The Beachcomber

Southern Ocean County Offers Plenty of Swimming Options

Lakes and Bays Provide Smoother, Safer Experiences for Toddlers
Jul 13, 2018
Photo by: Jack Reynolds

Let’s face it, people may visit Long Beach Island for its fishing, boating, restaurants, clubs and bars, and any number of other attractions, but if it weren’t for its beaches, the Island wouldn’t be the major tourist attraction it is. Beach is indeed the center of Long Beach Island!

But its splendid ocean beaches aren’t everybody’s cup of tea. The surf can be too rough at times for some people, especially families with toddlers. All of the Long Beach Island municipalities also have bay beaches, highly recommended for small children. Barnegat Light’s is located at 25th Street and Bayview Avenue. Beach Haven’s is at the end of Taylor Avenue. If you’re in Harvey Cedars you can find bay bathing at 77th Street. Long Beach Township has two bay beaches – one at Bayview Park, located on 68th Street in Brant Beach, the second in Beach Haven Terrace on New Jersey Avenue and 131st Street. Ship Bottom’s bay beach can be found at 15th Street while Surf City’s is at 15th Street and Barnegat Avenue.

Beach badges may be required at some of the Island’s bay beaches.

Because LBI’s beaches are so popular, they may be too crowded for some. Luckily, they aren’t the only swimming option in Southern Ocean County. There are a couple of freshwater beaches within driving distance from the Island.

Why would folks pick fresh water over salt water? Well, fans of the former would say the cedar water of area lakes has as many, if not more, health-giving benefits as the latter. And they’ll quickly point out that the lakes warm up much earlier in the summer season than the Atlantic Ocean. You’ll never run into heavy surf or jellyfish in a freshwater lake. Finally, some swimmers think a dip in fresh water leaves them feeling cleaner than the salty residue picked up from a splash in the surf.

Ocean County’s A. Paul King Park in Manahawkin has a guarded, sandy swimming beach on Lake Manahawkin, open through Labor Day. It’s a great place to bring the kids, sort of one-stop shopping for fun with its basketball courts, horse shoe pit, playground, canoe, kayak and paddleboard launch and picnic area. Another thing A. Paul King Park has going for it – swimming is free, with no beach badges required.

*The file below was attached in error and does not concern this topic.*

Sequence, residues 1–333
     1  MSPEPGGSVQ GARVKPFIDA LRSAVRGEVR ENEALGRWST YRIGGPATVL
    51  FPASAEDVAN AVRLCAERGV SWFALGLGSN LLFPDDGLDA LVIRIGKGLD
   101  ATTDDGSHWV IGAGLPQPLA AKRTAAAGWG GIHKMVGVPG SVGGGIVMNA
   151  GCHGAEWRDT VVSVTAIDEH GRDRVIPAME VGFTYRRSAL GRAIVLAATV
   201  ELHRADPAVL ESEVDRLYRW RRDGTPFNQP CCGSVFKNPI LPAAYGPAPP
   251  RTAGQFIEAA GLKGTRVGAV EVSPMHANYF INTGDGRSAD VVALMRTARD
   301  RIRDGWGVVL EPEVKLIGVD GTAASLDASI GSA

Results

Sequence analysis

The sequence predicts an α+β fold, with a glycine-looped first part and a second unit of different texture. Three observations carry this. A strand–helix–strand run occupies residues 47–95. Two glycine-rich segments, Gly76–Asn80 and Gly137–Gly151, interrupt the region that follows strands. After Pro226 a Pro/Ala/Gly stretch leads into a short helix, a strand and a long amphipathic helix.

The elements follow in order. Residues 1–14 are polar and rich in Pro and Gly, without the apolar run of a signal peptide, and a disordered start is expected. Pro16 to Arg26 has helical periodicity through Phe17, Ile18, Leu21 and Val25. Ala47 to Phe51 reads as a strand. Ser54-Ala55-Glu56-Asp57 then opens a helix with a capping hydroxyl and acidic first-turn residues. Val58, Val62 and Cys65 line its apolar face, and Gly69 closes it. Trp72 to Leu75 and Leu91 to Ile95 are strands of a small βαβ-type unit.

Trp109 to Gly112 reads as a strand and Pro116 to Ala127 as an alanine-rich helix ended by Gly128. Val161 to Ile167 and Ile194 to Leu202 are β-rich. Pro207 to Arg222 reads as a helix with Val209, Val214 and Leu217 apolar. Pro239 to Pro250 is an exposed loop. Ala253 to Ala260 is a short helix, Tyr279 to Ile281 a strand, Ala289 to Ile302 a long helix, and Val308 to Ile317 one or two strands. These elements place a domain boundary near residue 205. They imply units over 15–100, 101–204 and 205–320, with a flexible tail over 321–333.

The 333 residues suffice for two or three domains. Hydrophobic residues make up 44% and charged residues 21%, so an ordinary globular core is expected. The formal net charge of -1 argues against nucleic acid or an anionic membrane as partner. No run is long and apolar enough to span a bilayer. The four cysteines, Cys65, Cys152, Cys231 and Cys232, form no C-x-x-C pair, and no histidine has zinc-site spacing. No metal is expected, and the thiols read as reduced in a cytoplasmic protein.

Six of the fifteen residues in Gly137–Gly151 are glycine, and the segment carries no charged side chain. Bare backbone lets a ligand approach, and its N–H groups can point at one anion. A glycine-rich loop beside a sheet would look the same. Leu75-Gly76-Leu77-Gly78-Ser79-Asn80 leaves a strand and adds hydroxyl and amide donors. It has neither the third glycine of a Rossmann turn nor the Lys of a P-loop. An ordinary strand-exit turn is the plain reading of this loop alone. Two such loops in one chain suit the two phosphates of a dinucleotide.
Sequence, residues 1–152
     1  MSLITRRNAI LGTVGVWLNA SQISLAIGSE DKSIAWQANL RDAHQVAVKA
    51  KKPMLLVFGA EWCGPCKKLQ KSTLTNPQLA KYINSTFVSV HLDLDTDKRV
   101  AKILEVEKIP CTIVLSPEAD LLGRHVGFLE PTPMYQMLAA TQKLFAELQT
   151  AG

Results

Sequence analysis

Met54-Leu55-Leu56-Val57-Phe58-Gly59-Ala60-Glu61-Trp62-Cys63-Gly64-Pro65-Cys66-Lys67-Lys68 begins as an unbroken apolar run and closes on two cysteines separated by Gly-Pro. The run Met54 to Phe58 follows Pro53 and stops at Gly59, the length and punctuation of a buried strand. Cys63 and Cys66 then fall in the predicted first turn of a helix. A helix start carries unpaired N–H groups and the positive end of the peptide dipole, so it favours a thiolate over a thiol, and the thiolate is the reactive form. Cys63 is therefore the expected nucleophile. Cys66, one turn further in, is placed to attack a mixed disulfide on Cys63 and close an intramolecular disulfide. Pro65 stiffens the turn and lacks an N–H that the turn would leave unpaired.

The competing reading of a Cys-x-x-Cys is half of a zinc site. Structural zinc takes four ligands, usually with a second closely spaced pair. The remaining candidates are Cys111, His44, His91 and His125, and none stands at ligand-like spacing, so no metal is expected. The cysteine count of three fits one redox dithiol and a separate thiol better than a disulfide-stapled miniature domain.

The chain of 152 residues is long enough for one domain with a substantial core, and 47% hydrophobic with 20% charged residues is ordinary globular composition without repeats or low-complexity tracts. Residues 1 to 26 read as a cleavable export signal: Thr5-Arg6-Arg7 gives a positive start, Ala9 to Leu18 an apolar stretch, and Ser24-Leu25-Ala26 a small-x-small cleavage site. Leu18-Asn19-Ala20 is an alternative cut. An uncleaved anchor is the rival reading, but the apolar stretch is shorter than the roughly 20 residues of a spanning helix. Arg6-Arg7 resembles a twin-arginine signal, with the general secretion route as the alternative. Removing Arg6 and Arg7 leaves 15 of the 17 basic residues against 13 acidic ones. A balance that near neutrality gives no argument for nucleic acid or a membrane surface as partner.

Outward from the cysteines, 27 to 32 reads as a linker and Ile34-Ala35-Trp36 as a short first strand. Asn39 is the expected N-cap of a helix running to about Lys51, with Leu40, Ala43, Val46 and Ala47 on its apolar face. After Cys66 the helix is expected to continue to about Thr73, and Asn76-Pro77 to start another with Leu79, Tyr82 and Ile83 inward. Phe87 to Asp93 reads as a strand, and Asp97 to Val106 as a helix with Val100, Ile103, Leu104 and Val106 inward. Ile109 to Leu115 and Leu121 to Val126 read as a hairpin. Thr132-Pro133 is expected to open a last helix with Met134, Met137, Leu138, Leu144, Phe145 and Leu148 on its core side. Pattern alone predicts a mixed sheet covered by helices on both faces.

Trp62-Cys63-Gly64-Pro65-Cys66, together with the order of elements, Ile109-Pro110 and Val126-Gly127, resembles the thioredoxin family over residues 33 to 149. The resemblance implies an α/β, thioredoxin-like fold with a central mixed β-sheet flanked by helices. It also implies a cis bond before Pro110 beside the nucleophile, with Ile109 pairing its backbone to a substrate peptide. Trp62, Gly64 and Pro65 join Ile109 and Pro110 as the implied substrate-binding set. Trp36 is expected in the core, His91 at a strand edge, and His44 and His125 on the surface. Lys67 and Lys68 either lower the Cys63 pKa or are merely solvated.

The 48-acre county park is also convenient. Simply take Route 72 West from the Island and exit right onto Route 9 North. Turn left at the first traffic light and the park entrance will be almost immediately on the right.

Another freshwater option is Lake Absegami, located within the Bass River State Forest (sort of a misnomer considering it is actually a 23,563-acre state park, New Jersey’s oldest, acquired in 1905). The 67-acre man-made lake, created by damming two Pinelands streams in the 1930s as part of President Franklin D. Roosevelt’s Civilian Conservation Corps effort, offers swimming on a sandy, guarded beach as well as fishing, boating, canoeing and kayaking. You might choose to camp in the park, which also has hiking trails, picnic areas and interpretive programs. Day-use areas of the park are open from 8 a.m. to dusk. You do have to pay for daily access to the park and the swimming area, but the price is a bargain – $5 for a carload of New Jersey residents and $10 for out-of-staters. The swimming area offers a changing area, restrooms, showers, a first-aid station and a concession stand offering refreshments, novelties and beach supplies.

Visit Google for directions to the state park from LBI. They may seem complicated, but the less than 20-mile trip takes just over half an hour – traffic, of course, permitting.

The mainland may be separated from the Atlantic, but that doesn’t mean it doesn’t offer saltwater swimming. Both Stafford Township and Barnegat Township have guarded bayside beaches. Stafford’s is located on Jennifer Lane (directions from LBI can, once again, be found on Google). Barnegat’s can be found at 373 Bayshore Drive – yep, Google directions.

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